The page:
The Most Amazing College Campus Buildings
Quick, when you think of amazing buildings, what image comes to mind? Is it anything like one of the Most Amazing Campus Buildings assembled here? We are betting that at least a few of our Top 25 entries matched your mental picture.
Our collection of impressive buildings, though, has one major difference you may not have thought of: the grandiosity of these structures is justified. Their excesses, even when they involve hundreds of millions of dollars, are necessary and well worth it!
To qualify as an amazing campus building, we settled on four categories or criteria: (1) cost; (2) size (including the size or rarity of the collections housed in the building or complex); (3) architectural elements, including the fame of the architect, the style or importance of the architecture, or the materials and decorations used; and (4) amenities and innovative features.
Students evaluate a college or university based on many factors that go far beyond the strength of faculty or programs offered. Are you interested in studying music or drama? A school that has a highly visible and acoustically superb space dedicated to the performing arts will almost certainly make the top of your list.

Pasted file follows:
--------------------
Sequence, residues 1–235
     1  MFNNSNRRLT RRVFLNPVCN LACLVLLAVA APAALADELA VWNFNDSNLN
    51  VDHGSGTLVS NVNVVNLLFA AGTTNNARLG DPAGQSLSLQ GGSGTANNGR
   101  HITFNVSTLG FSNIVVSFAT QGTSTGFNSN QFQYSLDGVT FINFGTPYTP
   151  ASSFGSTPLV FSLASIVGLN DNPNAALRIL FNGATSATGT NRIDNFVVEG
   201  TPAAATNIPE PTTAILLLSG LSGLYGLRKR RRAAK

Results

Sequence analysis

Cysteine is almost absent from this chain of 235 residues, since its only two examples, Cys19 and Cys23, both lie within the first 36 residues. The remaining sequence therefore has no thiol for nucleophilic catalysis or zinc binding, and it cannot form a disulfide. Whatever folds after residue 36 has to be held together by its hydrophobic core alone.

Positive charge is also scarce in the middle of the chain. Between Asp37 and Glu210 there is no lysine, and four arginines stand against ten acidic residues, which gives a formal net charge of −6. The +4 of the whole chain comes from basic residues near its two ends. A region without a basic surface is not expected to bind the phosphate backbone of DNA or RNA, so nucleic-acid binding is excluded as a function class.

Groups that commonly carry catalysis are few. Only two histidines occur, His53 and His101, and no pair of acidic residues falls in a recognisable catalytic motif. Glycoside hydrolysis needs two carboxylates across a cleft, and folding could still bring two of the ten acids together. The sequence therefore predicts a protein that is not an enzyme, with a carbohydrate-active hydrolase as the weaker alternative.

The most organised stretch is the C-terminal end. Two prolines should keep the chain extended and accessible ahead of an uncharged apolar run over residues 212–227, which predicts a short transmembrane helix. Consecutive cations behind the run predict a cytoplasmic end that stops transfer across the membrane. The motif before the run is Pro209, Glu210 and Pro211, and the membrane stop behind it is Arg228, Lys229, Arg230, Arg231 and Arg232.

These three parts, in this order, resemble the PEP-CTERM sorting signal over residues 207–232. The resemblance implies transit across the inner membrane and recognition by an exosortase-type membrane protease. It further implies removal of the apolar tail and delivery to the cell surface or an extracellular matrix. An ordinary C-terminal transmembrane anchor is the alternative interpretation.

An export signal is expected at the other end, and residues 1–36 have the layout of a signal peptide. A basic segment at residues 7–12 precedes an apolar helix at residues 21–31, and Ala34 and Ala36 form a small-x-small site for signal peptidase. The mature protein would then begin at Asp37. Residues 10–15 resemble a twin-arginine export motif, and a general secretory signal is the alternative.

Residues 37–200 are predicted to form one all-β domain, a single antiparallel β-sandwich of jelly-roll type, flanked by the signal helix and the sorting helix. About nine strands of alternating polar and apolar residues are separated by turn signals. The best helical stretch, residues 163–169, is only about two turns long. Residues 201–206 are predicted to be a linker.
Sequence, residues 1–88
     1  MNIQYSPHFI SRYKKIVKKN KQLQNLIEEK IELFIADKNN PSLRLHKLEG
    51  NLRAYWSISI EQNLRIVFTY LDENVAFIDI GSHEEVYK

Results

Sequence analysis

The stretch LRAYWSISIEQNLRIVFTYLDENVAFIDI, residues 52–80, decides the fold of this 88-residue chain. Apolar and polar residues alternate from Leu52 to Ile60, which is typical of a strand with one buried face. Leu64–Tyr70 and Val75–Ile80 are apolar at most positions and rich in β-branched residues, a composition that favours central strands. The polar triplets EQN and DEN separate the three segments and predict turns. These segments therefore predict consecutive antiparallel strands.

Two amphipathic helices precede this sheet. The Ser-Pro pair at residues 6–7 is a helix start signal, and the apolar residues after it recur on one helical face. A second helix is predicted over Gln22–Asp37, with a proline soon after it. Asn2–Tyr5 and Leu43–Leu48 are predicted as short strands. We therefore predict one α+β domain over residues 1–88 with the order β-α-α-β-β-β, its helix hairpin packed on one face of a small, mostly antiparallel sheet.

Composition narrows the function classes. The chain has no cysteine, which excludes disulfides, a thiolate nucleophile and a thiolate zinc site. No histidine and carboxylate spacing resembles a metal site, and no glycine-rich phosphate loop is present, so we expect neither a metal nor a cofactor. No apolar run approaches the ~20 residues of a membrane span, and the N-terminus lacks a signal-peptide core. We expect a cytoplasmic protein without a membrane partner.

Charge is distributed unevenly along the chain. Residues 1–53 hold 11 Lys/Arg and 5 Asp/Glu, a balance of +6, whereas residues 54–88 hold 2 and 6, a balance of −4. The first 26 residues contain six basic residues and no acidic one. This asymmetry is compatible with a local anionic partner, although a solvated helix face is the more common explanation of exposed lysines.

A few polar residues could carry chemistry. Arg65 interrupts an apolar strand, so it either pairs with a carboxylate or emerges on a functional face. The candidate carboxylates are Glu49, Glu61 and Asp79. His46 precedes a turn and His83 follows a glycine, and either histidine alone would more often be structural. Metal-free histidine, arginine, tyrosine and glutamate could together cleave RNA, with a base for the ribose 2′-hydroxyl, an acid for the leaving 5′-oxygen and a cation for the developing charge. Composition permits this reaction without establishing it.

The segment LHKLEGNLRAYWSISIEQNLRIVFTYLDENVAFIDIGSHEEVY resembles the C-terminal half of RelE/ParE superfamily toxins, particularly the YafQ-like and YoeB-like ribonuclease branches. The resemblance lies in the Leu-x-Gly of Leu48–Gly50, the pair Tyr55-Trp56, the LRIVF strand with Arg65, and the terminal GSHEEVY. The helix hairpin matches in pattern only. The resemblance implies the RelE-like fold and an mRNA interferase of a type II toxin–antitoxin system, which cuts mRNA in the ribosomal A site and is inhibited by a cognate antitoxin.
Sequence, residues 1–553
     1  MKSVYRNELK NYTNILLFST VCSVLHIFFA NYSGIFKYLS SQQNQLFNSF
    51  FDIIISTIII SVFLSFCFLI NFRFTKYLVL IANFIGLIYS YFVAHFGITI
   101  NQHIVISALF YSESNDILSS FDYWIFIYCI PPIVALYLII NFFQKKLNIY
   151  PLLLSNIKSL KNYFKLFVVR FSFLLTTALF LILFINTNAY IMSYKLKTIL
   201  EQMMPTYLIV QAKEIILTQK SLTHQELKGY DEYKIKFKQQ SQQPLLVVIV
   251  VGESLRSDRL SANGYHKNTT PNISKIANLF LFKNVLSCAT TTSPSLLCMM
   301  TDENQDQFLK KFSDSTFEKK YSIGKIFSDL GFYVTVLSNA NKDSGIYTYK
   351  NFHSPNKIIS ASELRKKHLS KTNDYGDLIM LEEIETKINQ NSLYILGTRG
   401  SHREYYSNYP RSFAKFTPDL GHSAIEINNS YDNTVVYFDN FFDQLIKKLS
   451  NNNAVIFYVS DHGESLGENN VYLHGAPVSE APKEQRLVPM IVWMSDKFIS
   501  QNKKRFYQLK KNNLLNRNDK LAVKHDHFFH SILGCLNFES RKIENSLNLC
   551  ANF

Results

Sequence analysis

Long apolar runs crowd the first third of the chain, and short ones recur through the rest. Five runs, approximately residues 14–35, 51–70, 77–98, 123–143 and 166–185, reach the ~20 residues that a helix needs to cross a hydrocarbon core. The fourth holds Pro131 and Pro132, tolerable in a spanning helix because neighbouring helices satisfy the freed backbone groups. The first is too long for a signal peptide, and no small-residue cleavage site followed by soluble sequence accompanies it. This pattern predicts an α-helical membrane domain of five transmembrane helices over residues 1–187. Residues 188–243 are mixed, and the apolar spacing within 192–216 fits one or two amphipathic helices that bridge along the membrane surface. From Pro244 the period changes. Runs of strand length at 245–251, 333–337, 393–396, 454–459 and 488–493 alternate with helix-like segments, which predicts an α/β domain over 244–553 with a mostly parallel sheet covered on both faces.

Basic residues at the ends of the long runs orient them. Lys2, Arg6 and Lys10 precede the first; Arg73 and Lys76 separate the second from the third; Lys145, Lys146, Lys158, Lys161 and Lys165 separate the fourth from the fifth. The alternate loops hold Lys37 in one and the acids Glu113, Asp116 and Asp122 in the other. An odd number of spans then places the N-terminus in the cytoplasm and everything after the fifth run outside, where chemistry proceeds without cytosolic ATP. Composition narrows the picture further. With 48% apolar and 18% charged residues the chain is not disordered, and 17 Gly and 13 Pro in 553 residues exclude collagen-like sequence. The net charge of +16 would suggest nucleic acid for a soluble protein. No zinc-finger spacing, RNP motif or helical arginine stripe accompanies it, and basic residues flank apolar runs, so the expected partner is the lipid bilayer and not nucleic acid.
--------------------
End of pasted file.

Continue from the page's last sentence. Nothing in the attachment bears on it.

Many students are able to attend top tier universities because of sports scholarships. Doesn’t it make sense, then, that a school would offer these students state-of-the-art training facilities and magnificent stadiums that can accommodate tens of thousands of fans in style?
The amazing campus buildings and structures that follow enhance student life and the college experience as a whole.
1 Texas A & M University-College Station (TAMU), Kyle Field